Now’s A Good Time To Use No-Touch Payment Systems Like Apple Pay

Now’s A Good Time To Use No-Touch Payment Systems Like Apple Pay

We’re all, hopefully, taking the necessary steps recommended by global health officials for mitigating the spread of COVID-19, including by keeping distance between ourselves and others, washing our hands often and for at least 20 seconds, and avoiding touching our faces. Health officials also recommends cleaning and disinfecting frequently touched surfaces, including your gadgets. But some surfaces, like payment keypads, are everywhere and are often essential to doing things as basic as buying food or paying for a prescription at the pharmacy. And because these surfaces can be touched by dozens or hundreds of people each day, it’s probably a good idea to take advantage of any no-touch payment system available to you.

NFC payment systems like Apple Pay, Google Pay, or Samsung Pay allow you to pay by tapping your phone to a payment terminal and can help lessen the need to touch a service that a bunch of other people touched before you—perhaps even an unknowing vector or someone who is sick. Chipped contactless credit cards are another example of no-touch pay options that may minimise the need to touch a payment keypad or terminal that has been touched by others.

Jason Tetro, author of The Germ Code and The Germ Files and host of the Super Awesome Science Show podcast, told Gizmodo by phone that as long as people are not “touching buttons and all you’re doing is tapping, that’s probably a good thing.”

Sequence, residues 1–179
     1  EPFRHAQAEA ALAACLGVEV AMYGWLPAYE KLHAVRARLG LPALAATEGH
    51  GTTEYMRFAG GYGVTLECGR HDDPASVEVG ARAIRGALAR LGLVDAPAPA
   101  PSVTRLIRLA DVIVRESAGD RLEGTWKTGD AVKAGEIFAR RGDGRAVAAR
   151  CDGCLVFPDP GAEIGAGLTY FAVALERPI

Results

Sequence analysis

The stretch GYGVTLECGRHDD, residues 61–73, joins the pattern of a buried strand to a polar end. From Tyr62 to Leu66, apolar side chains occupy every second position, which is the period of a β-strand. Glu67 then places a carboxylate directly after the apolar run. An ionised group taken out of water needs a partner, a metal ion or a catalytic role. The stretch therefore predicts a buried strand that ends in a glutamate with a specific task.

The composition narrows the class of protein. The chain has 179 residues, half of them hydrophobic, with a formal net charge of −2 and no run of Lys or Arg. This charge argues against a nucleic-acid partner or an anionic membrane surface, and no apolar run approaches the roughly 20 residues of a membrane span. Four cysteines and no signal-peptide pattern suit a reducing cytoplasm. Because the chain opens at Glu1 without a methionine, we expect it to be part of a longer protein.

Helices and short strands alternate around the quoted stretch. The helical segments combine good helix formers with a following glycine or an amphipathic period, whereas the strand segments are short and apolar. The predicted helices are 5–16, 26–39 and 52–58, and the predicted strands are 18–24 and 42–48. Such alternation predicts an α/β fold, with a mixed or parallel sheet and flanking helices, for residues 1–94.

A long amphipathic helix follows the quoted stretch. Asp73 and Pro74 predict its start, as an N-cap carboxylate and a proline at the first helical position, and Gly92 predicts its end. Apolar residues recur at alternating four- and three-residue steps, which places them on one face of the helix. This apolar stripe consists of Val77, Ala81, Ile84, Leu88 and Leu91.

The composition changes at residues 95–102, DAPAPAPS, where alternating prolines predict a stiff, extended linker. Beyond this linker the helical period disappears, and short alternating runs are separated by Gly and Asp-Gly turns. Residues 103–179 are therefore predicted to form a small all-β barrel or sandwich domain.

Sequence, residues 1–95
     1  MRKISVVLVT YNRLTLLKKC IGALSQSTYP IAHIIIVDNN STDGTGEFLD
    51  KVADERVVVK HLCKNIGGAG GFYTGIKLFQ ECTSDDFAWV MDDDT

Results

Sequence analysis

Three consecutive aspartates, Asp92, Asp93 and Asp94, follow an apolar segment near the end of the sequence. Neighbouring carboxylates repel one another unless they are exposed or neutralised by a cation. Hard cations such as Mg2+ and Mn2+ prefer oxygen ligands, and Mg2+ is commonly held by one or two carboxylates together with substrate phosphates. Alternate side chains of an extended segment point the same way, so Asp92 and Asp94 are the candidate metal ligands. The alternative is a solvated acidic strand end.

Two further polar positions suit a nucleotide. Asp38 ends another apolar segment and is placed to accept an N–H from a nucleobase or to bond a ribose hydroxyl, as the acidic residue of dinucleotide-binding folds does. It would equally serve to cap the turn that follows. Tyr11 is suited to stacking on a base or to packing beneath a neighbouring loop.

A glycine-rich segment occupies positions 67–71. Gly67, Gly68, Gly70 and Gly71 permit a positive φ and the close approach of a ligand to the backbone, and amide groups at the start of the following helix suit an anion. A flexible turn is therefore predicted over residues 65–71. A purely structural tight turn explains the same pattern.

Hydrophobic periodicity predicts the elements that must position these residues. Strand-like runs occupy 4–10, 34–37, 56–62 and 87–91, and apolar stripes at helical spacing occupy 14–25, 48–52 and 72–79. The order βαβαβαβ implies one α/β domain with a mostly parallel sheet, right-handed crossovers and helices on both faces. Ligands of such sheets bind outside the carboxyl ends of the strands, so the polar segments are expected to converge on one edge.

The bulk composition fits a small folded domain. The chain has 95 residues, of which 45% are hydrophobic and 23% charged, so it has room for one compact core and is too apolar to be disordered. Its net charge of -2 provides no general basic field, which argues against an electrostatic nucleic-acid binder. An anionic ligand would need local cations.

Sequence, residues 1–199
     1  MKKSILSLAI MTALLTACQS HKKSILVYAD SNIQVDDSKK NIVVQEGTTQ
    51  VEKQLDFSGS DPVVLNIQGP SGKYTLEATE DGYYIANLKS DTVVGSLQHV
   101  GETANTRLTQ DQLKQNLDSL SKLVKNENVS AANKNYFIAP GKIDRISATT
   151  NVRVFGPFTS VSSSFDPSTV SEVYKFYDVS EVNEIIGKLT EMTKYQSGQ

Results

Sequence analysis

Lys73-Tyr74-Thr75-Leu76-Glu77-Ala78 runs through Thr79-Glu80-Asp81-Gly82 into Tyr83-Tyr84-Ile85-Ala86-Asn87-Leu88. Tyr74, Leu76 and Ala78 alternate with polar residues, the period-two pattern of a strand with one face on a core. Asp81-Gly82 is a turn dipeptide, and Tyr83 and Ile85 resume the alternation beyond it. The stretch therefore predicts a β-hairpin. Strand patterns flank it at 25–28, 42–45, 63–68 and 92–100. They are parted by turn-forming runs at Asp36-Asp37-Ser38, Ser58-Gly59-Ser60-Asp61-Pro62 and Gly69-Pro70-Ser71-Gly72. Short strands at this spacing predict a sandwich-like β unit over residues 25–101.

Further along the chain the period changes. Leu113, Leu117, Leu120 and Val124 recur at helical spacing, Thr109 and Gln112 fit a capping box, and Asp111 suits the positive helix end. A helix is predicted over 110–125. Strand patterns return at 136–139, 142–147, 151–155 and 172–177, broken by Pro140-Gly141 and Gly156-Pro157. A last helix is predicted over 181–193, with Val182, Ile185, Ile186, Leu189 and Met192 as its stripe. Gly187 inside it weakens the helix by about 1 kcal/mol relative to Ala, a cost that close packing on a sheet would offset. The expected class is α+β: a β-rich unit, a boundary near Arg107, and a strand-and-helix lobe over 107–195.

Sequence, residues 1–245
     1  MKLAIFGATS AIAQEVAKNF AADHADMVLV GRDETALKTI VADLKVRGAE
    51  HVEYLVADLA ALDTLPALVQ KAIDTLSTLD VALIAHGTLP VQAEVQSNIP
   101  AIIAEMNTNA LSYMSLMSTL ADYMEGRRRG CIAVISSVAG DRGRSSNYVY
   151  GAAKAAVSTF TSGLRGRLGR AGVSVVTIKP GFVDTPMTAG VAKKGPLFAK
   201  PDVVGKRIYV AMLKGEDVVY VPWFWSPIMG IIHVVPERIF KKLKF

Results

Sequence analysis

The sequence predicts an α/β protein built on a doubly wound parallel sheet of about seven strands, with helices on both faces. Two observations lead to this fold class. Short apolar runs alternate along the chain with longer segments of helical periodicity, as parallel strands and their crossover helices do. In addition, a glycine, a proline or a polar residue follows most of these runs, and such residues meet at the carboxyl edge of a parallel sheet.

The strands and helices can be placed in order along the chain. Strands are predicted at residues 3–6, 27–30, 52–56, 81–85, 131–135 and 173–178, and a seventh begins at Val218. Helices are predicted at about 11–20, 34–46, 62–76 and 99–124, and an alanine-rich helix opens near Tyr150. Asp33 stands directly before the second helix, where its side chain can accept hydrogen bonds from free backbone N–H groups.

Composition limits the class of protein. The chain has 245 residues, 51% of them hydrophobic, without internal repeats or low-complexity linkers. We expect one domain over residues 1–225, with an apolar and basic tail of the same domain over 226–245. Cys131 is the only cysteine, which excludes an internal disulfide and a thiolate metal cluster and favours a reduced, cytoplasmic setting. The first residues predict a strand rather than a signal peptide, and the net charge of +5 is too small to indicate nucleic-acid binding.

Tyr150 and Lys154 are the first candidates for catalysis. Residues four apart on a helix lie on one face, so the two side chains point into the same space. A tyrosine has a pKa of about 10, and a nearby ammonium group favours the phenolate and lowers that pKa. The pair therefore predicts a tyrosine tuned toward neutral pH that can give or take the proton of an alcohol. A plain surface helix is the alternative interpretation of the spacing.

Tetro pointed to a germ study from British and Finnish researchers published in 2018 in BMC Infectious Diseases that examined the spread of infectious diseases at airports by looking at the presence of respiratory viruses on commonly touched surfaces, which included luggage bins, handrails, and—you guessed it—the buttons of the payment terminal at the pharmacy, all of which had evidence of at least one respiratory virus in swabbed surface samples.

In the case of the payment terminal, both rhinovirus and coronavirus OC43—a common form of coronavirus different from the one causing the current global pandemic—were found in the same sample.

“Basically, it comes back to the old idea of high-touch surfaces,” Tetro said. If people are in a situation where they’re required to touch something that who knows how many other people have also touched, such as payment terminals or ATMs, “there’s a good likelihood that people have been picking their nose or putting their fingers in their mouth, and so they may have bodily fluids that they may transfer onto those payment machines. Within the first few hours, when it’s most infectious, someone else may end up touching that and touching their face afterward.”

Having a non-touch system, Tetro added, is advantageous because it eliminates one more potential vehicle for spreading disease. In other words, if you’ve got it, use it. And if you do find yourself needing to touch a high-touch surface like a payment keypad, wash your hands or use hand sanitiser as soon as you possibly can. Also, hard as I know it can be, stop touching your face.